by Pat Worden
It’s one of our city’s primary mixed-use thoroughfares, home to everything from the post office to the BMV, with light industry and office space throughout. It lies on the western edge of University Park, skirting the downtown region as it heads toward South Akron. Wolf Ledges Parkway is a part of Akron’s economic engine, and though some of its properties are vacant or under-utilized, it contributes to the vitality of the neighborhood. But it’s not exactly what you’d call picturesque.
If you’re like me, you’ve wondered about that. How did Wolf Ledges get such an exotic, evocative name? Where are the wolves? Where are the ledges?
Like many things in life, idle curiosities can remain idle until you do a little digging, or until you speak with the right person. In my case, the right person was Bob Haag, local historian and trustee of the Archaeological Society of Ohio. One day this spring he revealed an entire lost history to me with an offhand comment.
“There actually was a gorge,” Bob said. “A beautiful park.” He explained that this was in the days before the rubber industry, roughly from the late nineteenth century to the time of the First World War. “Then with the desperate need for housing, it was filled in. What a loss.”
The history of Wolf Ledges is, in every sense of the word, buried. Somewhere deep beneath the asphalt and cement, there’s an old meandering stream, which was once known as Wolf Run. It was named by families with familiar names like Spicer and Balch, who hunted wolves, as well as deer and bears, all throughout the area.
The ledge itself is down there too — a jagged sandstone ravine, plunging as deep as 30 feet in places. It ran a course roughly perpendicular to the present-day parkway, from the area of Exchange Street westward to the edge of the Ohio and Erie Canal.
The Wolf Ledge (it became mysteriously pluralized only later; no one is quite sure how or why) was an Akron landmark, a recreation center and even a quarry, supplying much of the stone building material for the city’s early development.
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Our primary historical source for this story — and it might actually be the only extant source — is a privately printed booklet dating from 1950, “The Old Wolf Ledge,” by C. R. Quine.
Quine was born in the Wolf Ledge neighborhood in 1889 and spent his first 25 years there. He fondly recalls picnics and bonfires under the rock ledges, and reports that sometime just before the turn of the century, he and another boy captured a live ‘possum in the ravine, which they traded for “about six hundred tin plug tobacco tags.”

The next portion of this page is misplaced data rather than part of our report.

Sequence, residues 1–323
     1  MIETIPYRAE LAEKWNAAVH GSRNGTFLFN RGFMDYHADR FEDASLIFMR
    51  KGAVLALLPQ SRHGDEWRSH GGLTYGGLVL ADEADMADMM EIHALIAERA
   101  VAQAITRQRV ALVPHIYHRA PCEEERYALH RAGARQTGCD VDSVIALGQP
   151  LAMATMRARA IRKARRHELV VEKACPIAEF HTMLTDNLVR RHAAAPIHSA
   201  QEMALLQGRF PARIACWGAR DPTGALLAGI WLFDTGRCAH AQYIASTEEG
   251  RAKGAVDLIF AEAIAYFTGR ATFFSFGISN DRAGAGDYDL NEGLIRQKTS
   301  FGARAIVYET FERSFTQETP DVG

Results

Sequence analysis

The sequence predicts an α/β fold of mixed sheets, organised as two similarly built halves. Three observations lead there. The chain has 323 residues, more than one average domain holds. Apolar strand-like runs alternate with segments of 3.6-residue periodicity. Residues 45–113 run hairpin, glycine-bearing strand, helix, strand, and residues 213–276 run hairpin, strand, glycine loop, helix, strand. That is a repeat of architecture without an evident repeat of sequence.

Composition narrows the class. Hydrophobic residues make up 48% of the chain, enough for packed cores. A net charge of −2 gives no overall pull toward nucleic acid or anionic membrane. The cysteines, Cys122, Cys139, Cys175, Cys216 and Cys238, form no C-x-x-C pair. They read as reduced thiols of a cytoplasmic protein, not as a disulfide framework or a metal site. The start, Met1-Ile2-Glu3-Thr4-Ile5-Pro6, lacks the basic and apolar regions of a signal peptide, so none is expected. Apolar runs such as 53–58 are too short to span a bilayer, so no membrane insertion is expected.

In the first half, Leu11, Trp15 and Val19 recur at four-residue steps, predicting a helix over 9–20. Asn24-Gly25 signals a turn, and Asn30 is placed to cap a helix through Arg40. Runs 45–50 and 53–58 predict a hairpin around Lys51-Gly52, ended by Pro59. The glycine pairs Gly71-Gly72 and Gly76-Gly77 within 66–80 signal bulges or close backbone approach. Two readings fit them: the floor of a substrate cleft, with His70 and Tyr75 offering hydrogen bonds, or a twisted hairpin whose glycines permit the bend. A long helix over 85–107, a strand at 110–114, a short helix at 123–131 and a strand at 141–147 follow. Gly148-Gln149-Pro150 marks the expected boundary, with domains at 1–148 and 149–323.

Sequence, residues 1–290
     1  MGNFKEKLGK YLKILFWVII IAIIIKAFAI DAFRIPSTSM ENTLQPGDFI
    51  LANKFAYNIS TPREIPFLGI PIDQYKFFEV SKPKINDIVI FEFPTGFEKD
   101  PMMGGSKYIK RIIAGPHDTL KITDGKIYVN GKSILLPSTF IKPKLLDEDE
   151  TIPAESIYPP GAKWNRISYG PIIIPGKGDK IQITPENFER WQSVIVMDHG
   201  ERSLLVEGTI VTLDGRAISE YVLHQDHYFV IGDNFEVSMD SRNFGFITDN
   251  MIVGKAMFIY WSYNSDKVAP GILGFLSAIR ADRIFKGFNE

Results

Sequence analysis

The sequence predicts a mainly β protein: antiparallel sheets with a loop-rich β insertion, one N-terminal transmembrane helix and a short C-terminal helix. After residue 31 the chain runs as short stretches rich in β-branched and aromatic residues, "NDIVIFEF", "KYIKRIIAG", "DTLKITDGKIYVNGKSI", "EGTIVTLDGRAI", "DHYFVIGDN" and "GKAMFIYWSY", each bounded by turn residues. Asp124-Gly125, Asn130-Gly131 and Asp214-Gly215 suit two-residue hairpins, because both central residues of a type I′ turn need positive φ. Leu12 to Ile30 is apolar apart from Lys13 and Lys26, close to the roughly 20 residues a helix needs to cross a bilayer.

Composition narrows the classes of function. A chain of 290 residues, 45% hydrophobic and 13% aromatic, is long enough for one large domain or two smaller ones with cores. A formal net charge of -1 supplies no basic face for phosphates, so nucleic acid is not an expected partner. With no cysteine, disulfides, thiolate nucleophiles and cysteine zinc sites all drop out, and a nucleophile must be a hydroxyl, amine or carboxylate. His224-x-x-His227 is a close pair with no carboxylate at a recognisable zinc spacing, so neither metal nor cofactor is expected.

As Quine tells it, Wolf Run and its gorge was the focal point for a community of mostly working-class German immigrants who fished and waded in the stream and ice-skated on the ponds and swamps that drained into it.
But over the decades it was also the scene of accident and tragedy, from a pastured cow that wandered to the cliff edge and fell into the ravine to a run-away baby carriage that likewise plunged over the ledge near Sumner Street in about 1888. (Quine details the ensuing recovery effort. There was not a happy ending.)
Around the turn of the century, the local population grew and became more ethnically diverse. As the rubber industry came into its own, property development in the area became a priority. Between 1915 and 1917, City Council passed a series of measures to first reinforce Wolf Run’s streambed with concrete and later encase it entirely in clay piping. It was eventually incorporated into the storm-sewer system and disappeared from sight.
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In 1921, the city purchased the land on both sides of the ledge. By June of that year, a seemingly endless parade of trucks began dumping fill material into the ravine. After several months it was completely buried, the ground was leveled, and construction began on road extensions and new homes.
Today you might notice dips and depressions in the road on Wolf Ledges Parkway near Thornton Street, or due east from there on Sumner Street and Allyn Street. You can visit a small, vestigial ridgeline along the south end of Boss Park, just a couple blocks east of the Parkway, near Cross Street. These are the only reminders left to us of old Wolf Ledge, a natural wonder.
Unlike so many lost wonders, however, this one is still there — hidden from us, deep underground.
And although none of us are likely to see it, we can imagine that shovels and backhoes, or even erosion and slow tectonic forces, might someday bring it back to the surface, and the old Wolf Ledge might once again see the light of day.
Pat Worden is a lifelong Akron resident. He’s on the hunt for the city’s lost lore.